What has happened to the dollar's relationship with crop prices?
A farm commodity investor who began trading around the time of the Lehman Brothers collapse last autumn may have been lulled into thinking the two were inextricably linked.
Into believing that dollar moves, making US crops cheaper or more expensive to foreign buyers, were the only game in town.
Crop prices' march downhill last autumn matched blow-for-blow the dollar's ascent. (See graphs below.)
And when the dollar, in early December, performed an about-turn, the two markets maintained their inverse link.
Simple. At least it was until late spring, when the link began to break down, first between the dollar and grains and, in early June, with soybeans.
There were more than export dynamics in play after all.
It is clear that the strength of the dollar will have a big impact on the price of commodities denominated in the currency, especially for a crop such as soybeans of which America exports more than 40% of production.
Take a European consumer. Exchange rates would have saved this buyer E1 on $9-a-bushel soybeans over the last six months or so.
To turn the equation around, soybeans could have risen to $10.35 and cost the same in euro terms.
But it is also hard to argue that currency movements are the only show in town.
Dollar rises have not always brought crop price nadirs. For instance, agricultural commodities were lower in 1986 than the year before, when the dollar reached a recent its peak for the last 30 years.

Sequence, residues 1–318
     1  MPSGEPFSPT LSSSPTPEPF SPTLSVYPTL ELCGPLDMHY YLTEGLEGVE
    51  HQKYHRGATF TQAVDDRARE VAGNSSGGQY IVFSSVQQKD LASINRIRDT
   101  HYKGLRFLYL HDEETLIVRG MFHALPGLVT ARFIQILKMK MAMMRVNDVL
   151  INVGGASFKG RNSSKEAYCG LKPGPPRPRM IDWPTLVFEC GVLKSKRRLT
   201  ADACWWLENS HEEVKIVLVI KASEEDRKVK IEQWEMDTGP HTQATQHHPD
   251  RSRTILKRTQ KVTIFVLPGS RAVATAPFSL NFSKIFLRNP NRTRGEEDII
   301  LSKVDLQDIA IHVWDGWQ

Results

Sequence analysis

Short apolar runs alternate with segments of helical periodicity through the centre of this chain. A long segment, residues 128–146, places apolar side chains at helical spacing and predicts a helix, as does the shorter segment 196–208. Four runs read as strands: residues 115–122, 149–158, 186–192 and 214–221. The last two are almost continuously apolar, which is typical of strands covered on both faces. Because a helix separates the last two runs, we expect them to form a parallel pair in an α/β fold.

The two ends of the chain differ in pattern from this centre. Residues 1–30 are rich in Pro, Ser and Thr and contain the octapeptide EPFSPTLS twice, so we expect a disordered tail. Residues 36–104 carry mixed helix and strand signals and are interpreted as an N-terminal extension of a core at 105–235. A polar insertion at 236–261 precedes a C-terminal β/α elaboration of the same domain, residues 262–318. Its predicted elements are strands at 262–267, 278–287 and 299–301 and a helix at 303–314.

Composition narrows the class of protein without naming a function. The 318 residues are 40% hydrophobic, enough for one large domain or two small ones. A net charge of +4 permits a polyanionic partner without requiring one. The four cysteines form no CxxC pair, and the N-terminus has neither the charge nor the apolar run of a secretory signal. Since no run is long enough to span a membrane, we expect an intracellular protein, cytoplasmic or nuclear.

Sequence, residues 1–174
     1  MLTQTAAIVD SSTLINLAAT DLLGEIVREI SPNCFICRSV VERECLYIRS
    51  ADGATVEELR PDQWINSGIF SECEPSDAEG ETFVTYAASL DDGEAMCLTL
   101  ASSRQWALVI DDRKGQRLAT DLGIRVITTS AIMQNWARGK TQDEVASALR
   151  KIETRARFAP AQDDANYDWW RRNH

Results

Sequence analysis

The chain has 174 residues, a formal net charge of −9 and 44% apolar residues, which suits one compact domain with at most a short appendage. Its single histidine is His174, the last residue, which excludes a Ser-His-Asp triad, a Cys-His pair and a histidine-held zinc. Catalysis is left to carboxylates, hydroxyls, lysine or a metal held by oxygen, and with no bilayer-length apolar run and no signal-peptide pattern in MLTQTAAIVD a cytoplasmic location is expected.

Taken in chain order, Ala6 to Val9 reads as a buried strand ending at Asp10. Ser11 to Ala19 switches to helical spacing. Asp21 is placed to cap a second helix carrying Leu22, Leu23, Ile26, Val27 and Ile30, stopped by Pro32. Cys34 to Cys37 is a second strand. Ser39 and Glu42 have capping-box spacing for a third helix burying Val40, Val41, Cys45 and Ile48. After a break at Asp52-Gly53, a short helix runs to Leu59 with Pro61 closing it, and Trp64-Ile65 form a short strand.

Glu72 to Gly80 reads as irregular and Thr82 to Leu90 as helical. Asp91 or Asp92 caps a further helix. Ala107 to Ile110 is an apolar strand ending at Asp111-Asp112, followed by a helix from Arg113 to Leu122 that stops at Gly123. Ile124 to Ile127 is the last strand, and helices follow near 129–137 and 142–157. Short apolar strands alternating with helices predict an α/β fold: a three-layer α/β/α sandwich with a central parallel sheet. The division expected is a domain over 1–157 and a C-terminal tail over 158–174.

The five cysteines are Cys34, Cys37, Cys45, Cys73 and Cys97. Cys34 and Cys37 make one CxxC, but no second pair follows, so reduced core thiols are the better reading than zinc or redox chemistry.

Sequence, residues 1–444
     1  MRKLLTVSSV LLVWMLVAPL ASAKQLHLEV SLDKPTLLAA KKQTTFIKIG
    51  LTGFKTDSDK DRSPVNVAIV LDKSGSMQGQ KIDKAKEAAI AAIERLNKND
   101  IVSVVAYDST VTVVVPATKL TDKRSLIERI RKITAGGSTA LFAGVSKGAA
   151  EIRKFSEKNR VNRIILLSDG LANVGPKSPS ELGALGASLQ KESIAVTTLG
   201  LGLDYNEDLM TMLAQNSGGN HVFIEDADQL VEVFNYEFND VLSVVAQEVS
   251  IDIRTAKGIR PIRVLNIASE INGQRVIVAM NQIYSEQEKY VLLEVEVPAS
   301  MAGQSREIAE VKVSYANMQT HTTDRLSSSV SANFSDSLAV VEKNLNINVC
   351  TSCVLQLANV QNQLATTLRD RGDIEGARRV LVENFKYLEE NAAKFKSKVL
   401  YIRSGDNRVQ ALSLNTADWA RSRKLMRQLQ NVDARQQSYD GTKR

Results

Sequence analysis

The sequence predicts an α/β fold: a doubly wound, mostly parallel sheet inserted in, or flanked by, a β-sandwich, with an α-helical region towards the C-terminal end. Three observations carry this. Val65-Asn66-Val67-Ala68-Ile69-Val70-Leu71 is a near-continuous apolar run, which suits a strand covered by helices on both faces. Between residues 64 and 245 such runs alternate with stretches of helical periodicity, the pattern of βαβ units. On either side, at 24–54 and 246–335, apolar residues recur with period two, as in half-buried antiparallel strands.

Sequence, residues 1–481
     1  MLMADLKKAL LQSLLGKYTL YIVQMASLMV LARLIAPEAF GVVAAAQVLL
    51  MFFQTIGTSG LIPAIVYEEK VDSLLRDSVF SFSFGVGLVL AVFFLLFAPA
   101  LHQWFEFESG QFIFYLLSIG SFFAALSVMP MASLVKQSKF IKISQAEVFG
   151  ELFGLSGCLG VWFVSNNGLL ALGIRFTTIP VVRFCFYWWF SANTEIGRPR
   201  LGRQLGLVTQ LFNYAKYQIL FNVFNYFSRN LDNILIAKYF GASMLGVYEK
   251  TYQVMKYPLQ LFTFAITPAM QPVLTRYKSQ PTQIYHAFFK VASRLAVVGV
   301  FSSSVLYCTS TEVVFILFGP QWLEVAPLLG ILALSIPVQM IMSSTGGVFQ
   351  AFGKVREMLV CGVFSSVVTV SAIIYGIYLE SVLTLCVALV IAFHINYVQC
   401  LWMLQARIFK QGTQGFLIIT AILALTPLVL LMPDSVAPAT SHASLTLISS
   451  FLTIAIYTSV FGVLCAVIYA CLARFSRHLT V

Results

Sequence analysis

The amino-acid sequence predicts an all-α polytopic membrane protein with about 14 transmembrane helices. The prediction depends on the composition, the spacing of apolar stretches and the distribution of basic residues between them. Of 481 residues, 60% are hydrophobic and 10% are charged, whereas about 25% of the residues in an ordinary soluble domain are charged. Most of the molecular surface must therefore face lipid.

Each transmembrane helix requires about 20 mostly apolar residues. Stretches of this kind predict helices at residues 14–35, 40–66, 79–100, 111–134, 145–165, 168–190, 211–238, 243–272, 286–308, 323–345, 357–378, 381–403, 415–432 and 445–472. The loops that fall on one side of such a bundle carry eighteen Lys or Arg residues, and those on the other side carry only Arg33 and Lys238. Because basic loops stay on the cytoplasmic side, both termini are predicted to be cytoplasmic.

It looks like, this time, crop fundamentals have played a bigger part.
The decoupling of dollar and commodities has co-incided with growing hopes for US crop production.
Since May, the US Department of Agriculture has added 17m tonnes – the equivalent of another Argentina - to its estimate for America's corn harvest, undermining hopes of market squeezes.
Revisions may have had a particularly big impact this year because they undermined not just the conventional crop investor, but a sophisticated hedge fund strategy.
When hopes of a Chinese-led economic revival set in, a popular hedge fund trade of shorting the dollar and taking long positions on commodities worked well. Growing economic hopes lured investors out of the safe haven of the dollar, while boosting the prospects of higher commodity use.
However, bumper global crops may have made other commodities, with tighter supplies, look far better bets.
It may be no coincidence that the open positions in crops registered to speculators, such as hedge funds, are lower now than in early June. They are down more than 10% the cases of Chicago soybeans and corn.
So it looks like one way to get crop prices moving again would be to lure hedge funds back.
Unfortunately for farmers, that may require more than the further dollar declines many analysts say are on the cards.
|Dollar versus basket of major currencies (inverted) Jul 08-Sept 09. Source: Reuters|
|Chicago soybean price, near-term contract, Jul 08-Sept 09. Source: Reuters|